In the ClassroomBuild student literacy skills, reinforce what students are learning about Geography, and help students build the important reading strategy of connecting what they read to prior (classroom!) knowledge. Share this link on your class web page or wiki so students can select independent reading books to accompany your unit on Geography. Don't forget to share the list with the school and local libraries so they can bring in some of the books on interlibrary loan. CurriConnects are a great help for teachers who have lost school library/media specialists due to budget cuts.
GradesK to 12
This site includes advertising.
In the ClassroomChallenge students to investigate a certain facet of this site (for example, Past Predictions) and create a multimedia presentation to share with the class. Have students use one of the many TeachersFirst multimedia Edge tools reviewed here. Share the projects on your interactive whiteboard or projector. Share this link on your class website for families to explore at home.
GradesK to 6
In the ClassroomUse the quizzes on the site as a pre-assessment when beginning a new unit. Share images and videos included on the site on your interactive whiteboard or projector to supplement classroom learning. Use the ideas from projects or experiments as resources for Science fairs. Assign experiments for students to demonstrate in class. Video the experiment presentations and share them with parents using a site such as SchoolTube reviewed here. Create a link on classroom computers for students to try the activities on the site.
Grades7 to 12
tag(s): animals (319), business (57), cells (99), chinese (49), grammar (208), grammar review (41), life cycles (24), microscopes (13), plants (175), psychology (64), sentences (49), sociology (22), speech (86)
In the ClassroomFind a variety of topics for each subject area. For example, use learning objects in biology topics: How to use a Microscope, Life Cycles of Animals and Plants, and Cell Division. Choose from many others. Use as an introduction to a new unit. Additionally, these learning objects can be used for reinforcement or as a review. Under the Written Communication subject you will find 50 Learning Objects from parts of speech, commonly confused words, to how to summarize, brainstorm, and many others. Share direct urls to specific review activities to help students who need extra practice or as links on a class web page or wiki for all students to access outside of class. Encourage students to comment on your wiki about the learning objects they found most helpful in explaining tough concepts (use the discussion tab).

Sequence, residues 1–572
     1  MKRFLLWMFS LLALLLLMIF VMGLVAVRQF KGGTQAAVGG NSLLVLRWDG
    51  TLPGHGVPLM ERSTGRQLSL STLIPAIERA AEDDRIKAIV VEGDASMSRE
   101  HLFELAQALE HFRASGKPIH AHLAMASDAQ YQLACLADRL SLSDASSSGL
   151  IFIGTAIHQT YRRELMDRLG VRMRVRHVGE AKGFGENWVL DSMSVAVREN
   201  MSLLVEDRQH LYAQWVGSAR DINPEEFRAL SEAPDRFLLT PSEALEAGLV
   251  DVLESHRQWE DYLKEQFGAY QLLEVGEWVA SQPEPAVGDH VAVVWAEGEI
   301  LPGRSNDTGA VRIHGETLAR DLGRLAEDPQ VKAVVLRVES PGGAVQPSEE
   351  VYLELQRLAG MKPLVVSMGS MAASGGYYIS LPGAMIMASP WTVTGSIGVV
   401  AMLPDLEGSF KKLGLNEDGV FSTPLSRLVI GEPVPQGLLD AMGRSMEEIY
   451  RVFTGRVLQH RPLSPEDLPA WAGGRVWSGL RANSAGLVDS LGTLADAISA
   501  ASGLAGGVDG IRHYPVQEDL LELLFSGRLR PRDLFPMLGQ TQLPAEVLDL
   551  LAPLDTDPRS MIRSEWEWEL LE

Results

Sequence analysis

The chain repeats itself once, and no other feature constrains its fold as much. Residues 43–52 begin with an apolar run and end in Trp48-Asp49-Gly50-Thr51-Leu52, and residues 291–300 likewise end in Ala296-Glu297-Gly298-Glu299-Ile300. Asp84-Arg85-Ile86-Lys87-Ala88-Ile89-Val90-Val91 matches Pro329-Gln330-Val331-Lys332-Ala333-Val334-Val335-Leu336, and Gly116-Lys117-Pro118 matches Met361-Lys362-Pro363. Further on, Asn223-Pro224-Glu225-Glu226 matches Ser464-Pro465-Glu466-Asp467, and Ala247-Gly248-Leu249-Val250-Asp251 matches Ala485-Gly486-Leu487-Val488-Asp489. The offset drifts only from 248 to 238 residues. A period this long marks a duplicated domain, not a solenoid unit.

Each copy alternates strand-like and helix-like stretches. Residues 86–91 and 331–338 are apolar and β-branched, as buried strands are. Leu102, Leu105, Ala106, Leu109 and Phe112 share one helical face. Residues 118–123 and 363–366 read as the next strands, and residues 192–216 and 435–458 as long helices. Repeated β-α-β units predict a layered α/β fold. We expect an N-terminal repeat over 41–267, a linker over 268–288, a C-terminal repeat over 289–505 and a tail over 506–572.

Grades6 to 12
In the ClassroomUse this site as an example of how important it is to question what we find on the internet. Who is the author? What is the author's perspective? How believable is the information on the site? Is it influenced by a particular point of view? Help students question the information they find online and become good information consumers.
Grades6 to 12
In the ClassroomConsider using this site to teach students to read carefully and evaluate the claims made on websites. You might divide the class into teams and have each group examine one of the page links from the site. One link provides paper and pencil games for kids. What can they find in these games that is ironic or reveals that the site is a spoof? (Hint: look for words in the word search that are not listed in the word bank!). Another link offers free inhalers for kids. Where do the links lead? Do students find anything strange about "baby's first inhaler"?
After students have dissected the site and discovered all the misleading statements and "propaganda," encourage them to read the blog post at Coal Cares Site a Brilliant Hoax, reviewed here, for more information about the hoax, and how it was devised. Then, discuss the implications of this example. How can it make them better internet consumers? Challenge groups to create multimedia projects sharing their finding. Have students use one of the many TeachersFirst Edge tools reviewed here.